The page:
On the importance of every day

Lately I’ve been thinking a lot about the things I do every day, how important they are, and whether they make my life better or contribute to my happiness. I was inspired by one of the lessons in Gretchen Rubin’s The Happiness Project, that what you do every day matters more, makes more of a difference, than what you do once in a while.

This is serious, turning-my-life-up-side-down stuff. I mean, my life is pretty good, but if I look at what I do every single day, it’s pretty depressing, especially if I compare it with the list of things that I would like to be doing regularly. Basically, my days involve rushing around between work and home responsibilities, spending time with my family, reading (on my commute) and watching TV. I do loads of other things occasionally, maybe once or twice a week – I excercise, I write, I paint or do other creative projects. But I don’t do them regularly and I always feel disappointed that they’re not bringing me the benefits I expected them to.

I decided that it’s the TV-watching that’s a problem, even though I am a proud TV-series fan and definitely don’t think that watching TV series is a waste of time. But even if it’s not, even if it’s fun, do I need to be doing it every single day? Wouldn’t it be better if, say, I went for a walk every single day and only watched a little bit of TV? Or went for a walk every single day, did something creative every other day, and only watched TV every other day?

Thing is, after all that rushing around between home and work stuff, I’m so tired that all I want to do is veg on the couch and have someone entertain me with a good story. So introducing changes had to involve some extra thinking.

I thought about the way I wanted to feel every day. I want to feel energised, inspired, productive, calm and happy. I can get 4 out of 5 of those out of something I picked up in the past year, though haven’t been doing regularly. Yoga. The fifth, feeling productive, can easily be a product of the others. I know I accomplish more if am energised and calm.

So there it is, my transformation of the every day. I added yoga to my days and so far, so good. Yesterday, I also added meditation, because I’ve been talking about it for ages and, having done it regularly before, am perfectly aware of the benefits it brings.

If you’re on a similar track, I can recommend the yoga books by Tara Stiles, because they have 10-15 minute routines for specific things that may be troubling you. For meditation, I started Deepak Chopra’s 21-day meditation challenge, available as an iPad app. Each meditation has a different focus and I’m enjoying it so far. Both the books and the app were recommended by my friend Agnieszka, let’s see if she still reads this blog! 🙂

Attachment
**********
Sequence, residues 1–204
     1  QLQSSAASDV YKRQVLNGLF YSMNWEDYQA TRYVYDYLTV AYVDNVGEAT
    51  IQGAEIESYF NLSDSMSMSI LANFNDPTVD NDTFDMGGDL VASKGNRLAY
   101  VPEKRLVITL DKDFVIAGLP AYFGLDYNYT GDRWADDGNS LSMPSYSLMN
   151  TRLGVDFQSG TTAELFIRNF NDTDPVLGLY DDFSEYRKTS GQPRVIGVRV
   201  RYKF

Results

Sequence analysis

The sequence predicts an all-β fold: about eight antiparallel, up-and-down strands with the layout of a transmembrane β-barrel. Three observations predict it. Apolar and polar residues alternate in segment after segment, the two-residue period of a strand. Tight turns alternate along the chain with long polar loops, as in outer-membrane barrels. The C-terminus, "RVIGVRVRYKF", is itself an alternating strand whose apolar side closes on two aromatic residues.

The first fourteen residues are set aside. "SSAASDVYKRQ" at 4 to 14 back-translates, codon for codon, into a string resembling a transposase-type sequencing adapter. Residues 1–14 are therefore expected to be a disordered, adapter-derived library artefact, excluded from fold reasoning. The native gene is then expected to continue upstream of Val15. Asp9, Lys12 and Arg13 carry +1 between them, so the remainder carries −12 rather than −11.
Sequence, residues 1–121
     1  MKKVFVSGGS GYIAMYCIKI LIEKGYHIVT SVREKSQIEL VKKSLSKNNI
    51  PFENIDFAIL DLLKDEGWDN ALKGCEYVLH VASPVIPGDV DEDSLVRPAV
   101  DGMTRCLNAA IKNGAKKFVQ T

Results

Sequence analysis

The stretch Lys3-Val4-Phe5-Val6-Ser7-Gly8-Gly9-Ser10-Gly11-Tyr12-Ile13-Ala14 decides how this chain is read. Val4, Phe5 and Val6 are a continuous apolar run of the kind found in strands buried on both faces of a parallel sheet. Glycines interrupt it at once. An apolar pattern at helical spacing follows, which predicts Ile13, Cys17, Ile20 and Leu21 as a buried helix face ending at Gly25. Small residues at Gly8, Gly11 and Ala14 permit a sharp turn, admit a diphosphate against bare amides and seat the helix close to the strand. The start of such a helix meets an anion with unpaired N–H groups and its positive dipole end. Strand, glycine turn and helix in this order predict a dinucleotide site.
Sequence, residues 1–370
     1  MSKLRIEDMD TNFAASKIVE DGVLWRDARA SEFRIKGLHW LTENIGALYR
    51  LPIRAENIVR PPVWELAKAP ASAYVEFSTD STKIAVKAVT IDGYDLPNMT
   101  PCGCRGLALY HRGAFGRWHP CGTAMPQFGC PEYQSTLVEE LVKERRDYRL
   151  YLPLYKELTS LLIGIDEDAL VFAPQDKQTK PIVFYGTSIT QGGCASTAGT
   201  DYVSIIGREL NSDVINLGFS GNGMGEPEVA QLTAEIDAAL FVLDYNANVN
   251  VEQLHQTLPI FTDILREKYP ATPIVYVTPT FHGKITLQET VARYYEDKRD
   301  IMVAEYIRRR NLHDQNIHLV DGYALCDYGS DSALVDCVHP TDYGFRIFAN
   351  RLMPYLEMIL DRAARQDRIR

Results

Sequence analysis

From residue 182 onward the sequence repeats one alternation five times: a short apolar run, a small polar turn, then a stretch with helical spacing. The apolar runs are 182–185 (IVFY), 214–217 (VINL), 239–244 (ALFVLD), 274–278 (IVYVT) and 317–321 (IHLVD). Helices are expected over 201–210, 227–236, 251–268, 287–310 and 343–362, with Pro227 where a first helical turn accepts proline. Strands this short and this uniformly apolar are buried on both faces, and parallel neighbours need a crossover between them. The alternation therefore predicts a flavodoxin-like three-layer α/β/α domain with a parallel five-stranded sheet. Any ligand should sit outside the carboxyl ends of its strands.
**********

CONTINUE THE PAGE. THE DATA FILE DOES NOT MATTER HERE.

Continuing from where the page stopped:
For extra inspiration, read this article on Brain Pickings.

How about you? Are you happy with your every day? What would you like to fit in more regularly?

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14 thoughts on “On the importance of every day

  1. Good for you! Writing and yoga every day have always been my goals but, like you, I find myself rushing around between work tasks and cleaning the house. Each time I think about it, I’m like, I’ll start next week. Not good practice. We are going on a big trip so I’m thinking after and during that, I’m going to do some soul searching and realign my days. Thanks for the post — good positive thoughts.

  2. Joanna, I was inspired by that same lesson. I realized that I didn’t read as much as I wanted to. I don’t often watch tv anymore but I haven’t paid much attention to my art journal either. I really want to learn how to draw. I’m still not happen with my everyday routine but after school is out, I can make some much needed changes. I hope you’re able to keep your new routine up. It sounds like it’s bringing you happiness. 🙂

  3. This is so the right post at the right time for me. I definitely don’t do the things that matter to me the most every day – lately it feels like I never do them at all. And if I want to feel like myself, this is something that’s going to have to change.

  4. This everyday things idea feels to me linked with the power of habit issues you were mentioning a while back. I am an incredible procrastinator, but whenever I really commit for a couple of weeks, then the habit part of it kicks in and it becomes something easy. We just need to avoid falling off tracks for too many days, otherwise we’re back on the old habit…
    I hope the yoga thing is going well. I’m still on the “oh well, tomorrow”, part of it… I guess in order to really do it I should get up even earlier, before the kids…

    • It’s hard to fit more into an already busy day without driving yourself crazy. I’m becoming more and more relaxed about scheduling, despite making plans to do more. If I don’t feel like doing it, then I won’t.

  5. I understand what you mean. Sometimes, it’s just EXHAUSTING to be productive every day, though! I do try to work out very regularly, and cook my meals, and see my friends, and read my books, and do my work, and so many other things – it’s hard to find time but I think once you DO prioritize something regularly, it just becomes part of your schedule and you are just used to it so don’t think about how it is a decision so much as just something you do.

  6. This is a wonderful post — lots of good things to think about. I think I watch too much tv too, especially tv to just pass the time. I put on the tv while I eat breakfast, for example, and then end up sitting in front of it for awhile before work. I’d like to start my day out with more intention, but I’m not sure how yet. Yoga might be a nice thing to try.

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